Orange County Sheriff’s Department spokesman Ryan Burris attributed the homicide drop there to a strong commitment of money by the 11 cities that contract with the agency for law enforcement services.
“They help us with resources to ensure that we can keep people safe,” Burris said.
Villaraigosa said a strategy of targeting 10 top gangs and their members, criticized by some, has paid off in fewer crimes and particularly fewer homicides.
“We targeted the worst gangs in Los Angeles, and gang homicides are down 29%,” the mayor told reporters Tuesday at a news conference.
He noted that through June 30, there were 41 fewer gang homicides than during the first half of 2006. “Why is that important? Because gang homicides are 56% of all homicides.”
The falling crime numbers in Los Angeles continue a five-year trend for Bratton, who was named last month to a second term as police chief largely on the strength of crime reductions during his tenure.
According to the LAPD, there were 1,000 fewer victims of violent crimes -- a 7% decrease -- in the city in the first half of 2007 than in the same period a year earlier.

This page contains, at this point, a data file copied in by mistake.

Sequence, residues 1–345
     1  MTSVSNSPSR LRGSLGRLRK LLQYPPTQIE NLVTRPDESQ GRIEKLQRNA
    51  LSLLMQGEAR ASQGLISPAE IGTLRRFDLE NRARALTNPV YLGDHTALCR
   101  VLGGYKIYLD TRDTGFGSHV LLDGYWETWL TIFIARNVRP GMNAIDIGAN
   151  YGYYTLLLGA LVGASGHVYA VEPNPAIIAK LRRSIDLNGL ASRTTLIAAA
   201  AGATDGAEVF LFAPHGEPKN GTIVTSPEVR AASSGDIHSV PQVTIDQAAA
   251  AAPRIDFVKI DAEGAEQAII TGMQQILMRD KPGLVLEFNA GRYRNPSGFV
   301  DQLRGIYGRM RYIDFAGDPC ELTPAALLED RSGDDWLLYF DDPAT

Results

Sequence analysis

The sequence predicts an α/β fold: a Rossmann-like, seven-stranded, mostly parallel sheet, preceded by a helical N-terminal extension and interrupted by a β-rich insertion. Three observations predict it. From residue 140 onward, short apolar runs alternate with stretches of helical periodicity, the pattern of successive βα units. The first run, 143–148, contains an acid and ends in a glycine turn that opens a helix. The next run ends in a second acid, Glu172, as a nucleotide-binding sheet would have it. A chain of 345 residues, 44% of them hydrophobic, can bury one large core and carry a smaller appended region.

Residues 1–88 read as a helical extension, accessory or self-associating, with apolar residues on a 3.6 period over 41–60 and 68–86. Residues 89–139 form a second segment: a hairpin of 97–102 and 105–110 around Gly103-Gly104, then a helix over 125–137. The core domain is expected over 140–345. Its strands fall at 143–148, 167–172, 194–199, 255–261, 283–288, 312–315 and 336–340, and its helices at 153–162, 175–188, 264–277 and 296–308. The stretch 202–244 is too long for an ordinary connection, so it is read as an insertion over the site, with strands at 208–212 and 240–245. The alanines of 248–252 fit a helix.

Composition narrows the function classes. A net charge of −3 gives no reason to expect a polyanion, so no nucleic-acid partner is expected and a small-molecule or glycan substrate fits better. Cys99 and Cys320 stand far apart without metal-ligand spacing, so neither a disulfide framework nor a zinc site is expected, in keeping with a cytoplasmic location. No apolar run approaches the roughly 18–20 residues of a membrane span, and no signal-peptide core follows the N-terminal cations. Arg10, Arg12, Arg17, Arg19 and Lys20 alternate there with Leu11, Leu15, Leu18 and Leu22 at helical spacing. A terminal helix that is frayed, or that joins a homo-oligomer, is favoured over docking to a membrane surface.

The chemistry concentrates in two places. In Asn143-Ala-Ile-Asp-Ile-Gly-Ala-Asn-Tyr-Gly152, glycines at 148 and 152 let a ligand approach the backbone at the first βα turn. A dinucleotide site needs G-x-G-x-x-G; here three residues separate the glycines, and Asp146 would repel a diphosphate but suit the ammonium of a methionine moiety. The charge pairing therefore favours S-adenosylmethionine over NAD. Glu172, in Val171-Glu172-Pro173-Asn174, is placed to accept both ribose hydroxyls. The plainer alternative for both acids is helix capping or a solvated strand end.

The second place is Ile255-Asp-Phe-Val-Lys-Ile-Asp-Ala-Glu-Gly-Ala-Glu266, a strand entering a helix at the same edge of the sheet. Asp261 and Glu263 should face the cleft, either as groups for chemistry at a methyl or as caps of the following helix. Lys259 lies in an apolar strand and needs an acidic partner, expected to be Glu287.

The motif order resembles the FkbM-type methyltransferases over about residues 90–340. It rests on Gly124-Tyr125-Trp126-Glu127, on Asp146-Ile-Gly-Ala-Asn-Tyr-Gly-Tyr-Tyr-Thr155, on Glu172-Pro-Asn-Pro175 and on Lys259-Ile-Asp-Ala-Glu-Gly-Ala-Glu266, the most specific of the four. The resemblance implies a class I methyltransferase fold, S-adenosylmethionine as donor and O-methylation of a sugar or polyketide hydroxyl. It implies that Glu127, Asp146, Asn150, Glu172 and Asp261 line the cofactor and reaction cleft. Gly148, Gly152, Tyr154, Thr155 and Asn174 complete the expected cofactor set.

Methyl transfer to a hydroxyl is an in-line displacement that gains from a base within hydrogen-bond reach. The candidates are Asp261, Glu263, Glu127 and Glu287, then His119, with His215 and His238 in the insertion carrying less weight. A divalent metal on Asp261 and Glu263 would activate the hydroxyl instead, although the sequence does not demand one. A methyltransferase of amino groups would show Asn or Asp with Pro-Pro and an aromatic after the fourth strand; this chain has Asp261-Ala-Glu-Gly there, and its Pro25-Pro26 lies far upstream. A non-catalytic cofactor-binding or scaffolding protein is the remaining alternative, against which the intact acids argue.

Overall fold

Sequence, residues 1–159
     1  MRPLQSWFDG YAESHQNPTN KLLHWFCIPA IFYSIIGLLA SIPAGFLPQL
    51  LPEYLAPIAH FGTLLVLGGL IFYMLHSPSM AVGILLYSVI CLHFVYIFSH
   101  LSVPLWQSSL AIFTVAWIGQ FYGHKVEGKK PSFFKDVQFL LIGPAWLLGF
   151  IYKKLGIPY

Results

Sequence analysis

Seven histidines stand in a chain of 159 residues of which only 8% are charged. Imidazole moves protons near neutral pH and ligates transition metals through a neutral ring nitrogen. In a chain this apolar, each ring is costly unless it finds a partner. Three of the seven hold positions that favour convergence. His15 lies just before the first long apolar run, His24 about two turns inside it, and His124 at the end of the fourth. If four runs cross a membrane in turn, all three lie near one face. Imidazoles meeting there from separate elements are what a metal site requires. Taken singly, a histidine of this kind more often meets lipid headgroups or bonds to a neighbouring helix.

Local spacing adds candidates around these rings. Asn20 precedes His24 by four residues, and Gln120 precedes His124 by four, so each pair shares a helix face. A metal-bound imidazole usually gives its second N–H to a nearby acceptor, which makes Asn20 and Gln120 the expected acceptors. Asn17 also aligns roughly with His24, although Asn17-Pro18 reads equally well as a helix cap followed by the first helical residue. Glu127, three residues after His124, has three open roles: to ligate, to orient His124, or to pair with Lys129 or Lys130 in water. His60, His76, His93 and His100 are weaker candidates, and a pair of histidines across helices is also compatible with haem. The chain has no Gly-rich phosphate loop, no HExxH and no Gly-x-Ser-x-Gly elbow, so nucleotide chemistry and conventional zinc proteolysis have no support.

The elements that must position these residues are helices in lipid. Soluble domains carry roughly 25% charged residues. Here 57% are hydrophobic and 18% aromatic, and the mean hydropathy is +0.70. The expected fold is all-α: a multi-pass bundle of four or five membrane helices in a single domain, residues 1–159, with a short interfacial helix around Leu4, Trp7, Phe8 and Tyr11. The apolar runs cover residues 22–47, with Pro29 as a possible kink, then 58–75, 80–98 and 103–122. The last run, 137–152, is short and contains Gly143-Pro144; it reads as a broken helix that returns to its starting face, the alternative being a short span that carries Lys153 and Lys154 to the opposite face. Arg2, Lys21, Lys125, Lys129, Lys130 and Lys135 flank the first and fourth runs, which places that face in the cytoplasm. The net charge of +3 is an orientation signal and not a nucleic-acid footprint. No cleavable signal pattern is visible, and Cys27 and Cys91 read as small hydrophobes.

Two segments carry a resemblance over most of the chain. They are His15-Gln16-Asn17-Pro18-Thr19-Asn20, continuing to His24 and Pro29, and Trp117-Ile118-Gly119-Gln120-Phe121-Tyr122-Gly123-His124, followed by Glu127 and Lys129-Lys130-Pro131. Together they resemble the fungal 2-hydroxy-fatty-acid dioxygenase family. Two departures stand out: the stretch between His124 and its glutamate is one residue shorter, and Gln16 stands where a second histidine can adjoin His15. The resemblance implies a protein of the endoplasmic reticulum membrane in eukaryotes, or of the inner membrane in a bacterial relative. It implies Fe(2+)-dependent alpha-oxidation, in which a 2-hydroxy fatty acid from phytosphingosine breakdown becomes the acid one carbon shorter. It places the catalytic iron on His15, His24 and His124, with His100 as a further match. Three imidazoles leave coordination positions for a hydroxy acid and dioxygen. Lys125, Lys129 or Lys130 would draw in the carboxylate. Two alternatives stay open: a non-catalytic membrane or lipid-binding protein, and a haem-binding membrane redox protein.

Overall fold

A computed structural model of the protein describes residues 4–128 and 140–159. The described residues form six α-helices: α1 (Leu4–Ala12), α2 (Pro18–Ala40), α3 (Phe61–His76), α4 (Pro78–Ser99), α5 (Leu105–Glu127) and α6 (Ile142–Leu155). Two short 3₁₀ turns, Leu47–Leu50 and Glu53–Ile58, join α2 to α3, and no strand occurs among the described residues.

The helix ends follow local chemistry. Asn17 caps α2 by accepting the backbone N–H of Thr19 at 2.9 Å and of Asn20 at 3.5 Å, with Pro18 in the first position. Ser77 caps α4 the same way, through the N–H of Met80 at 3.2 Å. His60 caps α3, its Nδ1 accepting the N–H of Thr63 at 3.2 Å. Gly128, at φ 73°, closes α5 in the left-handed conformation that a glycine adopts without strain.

South Bureau, with some of the most entrenched and violent gangs, saw a 30% drop in homicides as of this week, with 71 compared to 102 through this time last year. There were also 13% fewer shooting victims.
One of the biggest success stories was 77th Street Division, where homicides stood at 28 compared to 41 last year, a more than 30% reduction.
In Central Bureau, which includes skid row, homicides fell 13% while violent crime was down 8%.
There have been two reported homicides this year --compared to nine last year -- in Central Division, which includes downtown, skid row and Chinatown.
LAPD Cmdr. Andy Smith said he believes the homicides in downtown decreased in part because officers focused on getting weapons off the streets. The LAPD recently broke up the Fifth & Hill gang, a major drug dealing operation. By attacking drug dealing on skid row, Smith said, officers are moving guns off the streets.